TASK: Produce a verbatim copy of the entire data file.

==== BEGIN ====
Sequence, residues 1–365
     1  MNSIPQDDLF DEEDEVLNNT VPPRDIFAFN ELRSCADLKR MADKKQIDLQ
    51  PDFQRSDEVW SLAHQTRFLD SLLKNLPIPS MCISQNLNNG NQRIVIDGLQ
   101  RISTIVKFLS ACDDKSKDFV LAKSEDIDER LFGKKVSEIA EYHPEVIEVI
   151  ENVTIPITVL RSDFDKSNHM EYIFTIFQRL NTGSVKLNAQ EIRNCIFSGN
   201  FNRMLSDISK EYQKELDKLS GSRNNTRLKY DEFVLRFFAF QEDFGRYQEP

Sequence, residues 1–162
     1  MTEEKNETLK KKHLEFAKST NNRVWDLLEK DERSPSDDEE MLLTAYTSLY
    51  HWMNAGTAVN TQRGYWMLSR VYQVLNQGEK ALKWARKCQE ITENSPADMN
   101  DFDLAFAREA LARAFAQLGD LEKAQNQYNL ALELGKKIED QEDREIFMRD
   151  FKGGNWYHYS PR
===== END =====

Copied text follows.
Sequence, residues 1–365
     1  MNSIPQDDLF DEEDEVLNNT VPPRDIFAFN ELRSCADLKR MADKKQIDLQ
    51  PDFQRSDEVW SLAHQTRFLD SLLKNLPIPS MCISQNLNNG NQRIVIDGLQ
   101  RISTIVKFLS ACDDKSKDFV LAKSEDIDER LFGKKVSEIA EYHPEVIEVI
   151  ENVTIPITVL RSDFDKSNHM EYIFTIFQRL NTGSVKLNAQ EIRNCIFSGN
   201  FNRMLSDISK EYQKELDKLS GSRNNTRLKY DEFVLRFFAF QEDFGRYQEP

Sequence, residues 1–162
     1  MTEEKNETLK KKHLEFAKST NNRVWDLLEK DERSPSDDEE MLLTAYTSLY
    51  HWMNAGTAVN TQRGYWMLSR VYQVLNQGEK ALKWARKCQE ITENSPADMN
   101  DFDLAFAREA LARAFAQLGD LEKAQNQYNL ALELGKKIED QEDREIFMRD
   151  FKGGNWYHYS PR